LOS ANGELES (Reuters) - Darden Restaurants Inc (DRI.N) has canceled its analyst and investor meeting slated for later this month as two activist shareholders lobby for bolder steps to improve performance at its restaurant chains, ranging from Olive Garden to Capital Grille.
Rather than holding the meeting, which was scheduled for March 28, Darden, the biggest operator of full-service restaurant chains in terms of outlets, will meet individually with analysts and investors, a spokesman said on Wednesday.
“We’re taking it on the road,” the spokesman, Rich Jeffers, said. “We’re reaching out to everyone who was planning to attend.”
Barington Capital Group LP has been pushing Darden to put its more-mature Olive Garden and Red Lobster brands into one company, and its higher-growth chains, including LongHorn Steakhouse and Capital Grille, into another.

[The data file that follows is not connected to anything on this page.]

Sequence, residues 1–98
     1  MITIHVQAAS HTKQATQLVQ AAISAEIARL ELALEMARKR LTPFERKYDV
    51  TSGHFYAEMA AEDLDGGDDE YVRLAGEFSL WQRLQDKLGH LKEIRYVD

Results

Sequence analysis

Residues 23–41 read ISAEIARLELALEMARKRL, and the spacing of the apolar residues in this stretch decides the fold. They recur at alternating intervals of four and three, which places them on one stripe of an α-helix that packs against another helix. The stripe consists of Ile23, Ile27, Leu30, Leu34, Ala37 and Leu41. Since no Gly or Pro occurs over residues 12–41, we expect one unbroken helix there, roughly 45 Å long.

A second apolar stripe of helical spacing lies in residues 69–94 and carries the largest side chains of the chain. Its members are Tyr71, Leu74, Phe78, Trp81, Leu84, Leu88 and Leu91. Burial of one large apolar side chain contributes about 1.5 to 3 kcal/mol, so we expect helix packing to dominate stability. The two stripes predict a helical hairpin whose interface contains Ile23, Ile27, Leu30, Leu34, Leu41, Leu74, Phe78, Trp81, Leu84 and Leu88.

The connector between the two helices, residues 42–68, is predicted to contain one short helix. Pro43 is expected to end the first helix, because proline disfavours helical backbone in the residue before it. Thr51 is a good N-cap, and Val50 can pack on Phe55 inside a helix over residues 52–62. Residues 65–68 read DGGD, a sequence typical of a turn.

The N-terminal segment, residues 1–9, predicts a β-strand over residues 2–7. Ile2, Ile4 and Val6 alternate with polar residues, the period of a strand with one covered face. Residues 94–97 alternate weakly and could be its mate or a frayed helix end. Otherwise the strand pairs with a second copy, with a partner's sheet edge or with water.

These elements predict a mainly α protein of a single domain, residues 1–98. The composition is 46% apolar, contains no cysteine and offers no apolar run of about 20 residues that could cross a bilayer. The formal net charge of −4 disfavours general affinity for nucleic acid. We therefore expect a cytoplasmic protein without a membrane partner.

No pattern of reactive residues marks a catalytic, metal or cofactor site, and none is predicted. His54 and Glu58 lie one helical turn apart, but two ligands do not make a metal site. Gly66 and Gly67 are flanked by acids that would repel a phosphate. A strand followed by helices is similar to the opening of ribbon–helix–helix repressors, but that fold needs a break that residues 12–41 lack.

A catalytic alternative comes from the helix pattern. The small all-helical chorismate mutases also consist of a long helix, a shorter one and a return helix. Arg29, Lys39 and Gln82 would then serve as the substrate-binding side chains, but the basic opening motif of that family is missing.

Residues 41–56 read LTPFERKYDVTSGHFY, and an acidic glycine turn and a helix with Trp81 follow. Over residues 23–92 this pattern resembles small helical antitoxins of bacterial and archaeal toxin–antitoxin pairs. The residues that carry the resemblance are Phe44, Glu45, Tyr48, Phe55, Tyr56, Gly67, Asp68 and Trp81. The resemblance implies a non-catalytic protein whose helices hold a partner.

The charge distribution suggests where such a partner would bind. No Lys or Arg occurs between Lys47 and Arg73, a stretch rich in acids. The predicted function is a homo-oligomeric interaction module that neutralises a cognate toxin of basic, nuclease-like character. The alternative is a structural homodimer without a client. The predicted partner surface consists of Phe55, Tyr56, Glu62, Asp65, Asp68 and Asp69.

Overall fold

It also wants the company to create a publicly traded real estate investment trust (REIT) to unlock the value of its property holdings.
On Monday Darden reiterated its plan to spin off or sell Red Lobster seafood chain, rebuffing Barington and Starboard Value LP, another activist investor pressuring Darden to rethink its plans for the Red Lobster.
Starboard, which owns 5.5 percent of Darden shares, said in late February that the plan to spin off Red Lobster should be delayed and put to a shareholder vote. Barington, which has a stake of about 2 percent, said it agreed.
Darden shares fell nearly 1 percent to $48.18, not far from a 52-week low of $44.78.
Reporting by Lisa Baertlein in Los Angeles; Editing by Jeffrey Benkoe